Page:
A design for one of a series of ten tapestries depicting scenes from the life of Otto von Wittelsbach, commissioned by Duke Maximilian of Bavaria in 1603. B. Volk-Knüttel, Wandteppiche für den Münchener hof nach Entwürfen von Peter Candid, Munich, 1976, no. 8, pls. 97-8. Candid, who had been active in Munich since 1586 and was the leading painter at court following the death of Friedrich Sustris in 1599, worked up the compositions following the iconographic suggestions of the historian Marx Welser. Five tapestries showed important political events in Otto's career, while five showed his battles. The conflict shown in the present drawing depicts the struggle between Otto and Henry, Duke of Saxony and Bavaria, which in 1180 led to the Emperor transferring the Dukedom of Bavaria to Otto. As such it represents the symbolic foundation of the Wittelsbach dynasty to which Maximilian was heir and which ruled Bavaria until the 19th Century.
The tapestries were woven in Munich under the direction of Hans van der Biest, who was brought from Enghien by Maximilian in 1604, and were intended to decorate the newly renovated Residenz Schloss. The first version of the Battle with Henry the Lion tapestry was finished by 1610 after 16 to 18 months of weaving. This editio princeps was executed with the inclusion of costly gold and silver thread, while a second, simpler version based on the same cartoons was woven in wool and silk at the Paris workshops of Marc Comans and Raphaël de la Planche after 1614.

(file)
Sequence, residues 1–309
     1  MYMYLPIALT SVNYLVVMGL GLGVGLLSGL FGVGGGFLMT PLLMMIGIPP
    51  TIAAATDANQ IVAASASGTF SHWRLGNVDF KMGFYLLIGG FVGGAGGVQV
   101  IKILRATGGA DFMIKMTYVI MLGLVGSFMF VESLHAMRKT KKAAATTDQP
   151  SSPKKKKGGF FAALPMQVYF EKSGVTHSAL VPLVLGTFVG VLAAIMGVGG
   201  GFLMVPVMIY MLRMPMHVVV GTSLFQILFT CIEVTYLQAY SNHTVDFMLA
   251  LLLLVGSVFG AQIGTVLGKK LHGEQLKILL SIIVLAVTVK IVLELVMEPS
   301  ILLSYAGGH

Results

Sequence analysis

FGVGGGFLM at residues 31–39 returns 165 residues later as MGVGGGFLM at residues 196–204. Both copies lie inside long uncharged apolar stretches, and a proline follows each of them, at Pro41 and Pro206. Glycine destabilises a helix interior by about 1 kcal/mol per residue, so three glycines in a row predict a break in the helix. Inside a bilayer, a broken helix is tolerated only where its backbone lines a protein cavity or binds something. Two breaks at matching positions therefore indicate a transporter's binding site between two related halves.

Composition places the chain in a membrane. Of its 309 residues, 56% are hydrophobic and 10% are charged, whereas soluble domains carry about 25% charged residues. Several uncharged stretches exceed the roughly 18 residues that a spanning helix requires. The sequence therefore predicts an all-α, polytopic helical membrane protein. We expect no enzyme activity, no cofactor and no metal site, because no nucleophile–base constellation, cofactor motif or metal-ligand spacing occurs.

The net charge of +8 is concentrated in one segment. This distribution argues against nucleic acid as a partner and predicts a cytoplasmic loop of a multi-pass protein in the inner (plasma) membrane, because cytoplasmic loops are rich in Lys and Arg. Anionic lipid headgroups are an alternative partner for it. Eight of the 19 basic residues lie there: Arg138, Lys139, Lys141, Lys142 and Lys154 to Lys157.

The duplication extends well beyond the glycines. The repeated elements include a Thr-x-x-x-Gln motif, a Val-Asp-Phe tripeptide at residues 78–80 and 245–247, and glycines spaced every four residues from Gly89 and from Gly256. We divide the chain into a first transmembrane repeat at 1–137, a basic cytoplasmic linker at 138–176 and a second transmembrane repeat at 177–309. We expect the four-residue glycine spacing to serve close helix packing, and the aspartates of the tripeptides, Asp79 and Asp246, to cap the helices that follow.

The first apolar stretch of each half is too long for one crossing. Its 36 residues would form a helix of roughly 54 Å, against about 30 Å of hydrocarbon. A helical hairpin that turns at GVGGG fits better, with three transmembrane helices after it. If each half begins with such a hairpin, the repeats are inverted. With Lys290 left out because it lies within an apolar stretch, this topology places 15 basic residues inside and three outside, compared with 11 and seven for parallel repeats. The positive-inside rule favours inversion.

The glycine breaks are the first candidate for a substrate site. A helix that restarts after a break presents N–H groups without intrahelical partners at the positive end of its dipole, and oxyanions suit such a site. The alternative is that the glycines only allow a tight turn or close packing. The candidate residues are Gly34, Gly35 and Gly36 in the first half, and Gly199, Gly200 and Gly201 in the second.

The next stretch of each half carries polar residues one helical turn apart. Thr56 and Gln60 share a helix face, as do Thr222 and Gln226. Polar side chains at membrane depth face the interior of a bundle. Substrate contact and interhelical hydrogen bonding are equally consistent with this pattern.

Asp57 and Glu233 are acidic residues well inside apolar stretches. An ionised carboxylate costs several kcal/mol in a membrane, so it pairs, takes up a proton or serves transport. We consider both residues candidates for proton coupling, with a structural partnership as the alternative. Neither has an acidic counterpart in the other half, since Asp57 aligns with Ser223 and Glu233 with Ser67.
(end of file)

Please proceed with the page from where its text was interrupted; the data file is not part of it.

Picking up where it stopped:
The drawing is in reverse to the tapestry, and beyond the repositioning of the horseman to the left of the drawing, shows very few compositional differences. A number of other drawings are connected with the project. A drawing related to the falling figure to the left of the drawing, which appears in the centre-right of the tapestry, is in Munich, B. Volk-Knüttel, Peter Candid Zeichnungen, exhib. cat., Munich, Staatliche Graphische Sammlung, 1979, no. 25. A group of compositional drawings, of the same technique as the present sheet, are also in Munich (B. Volk-Knüttel, op. cit., nos. 54-71) and a further four are in the Louvre, F. Lugt, Inventaire général des dessins des écoles du Nord, maîtres des anciens Pays-Bas nés avant 1550, Paris, 1968, nos. 676-9.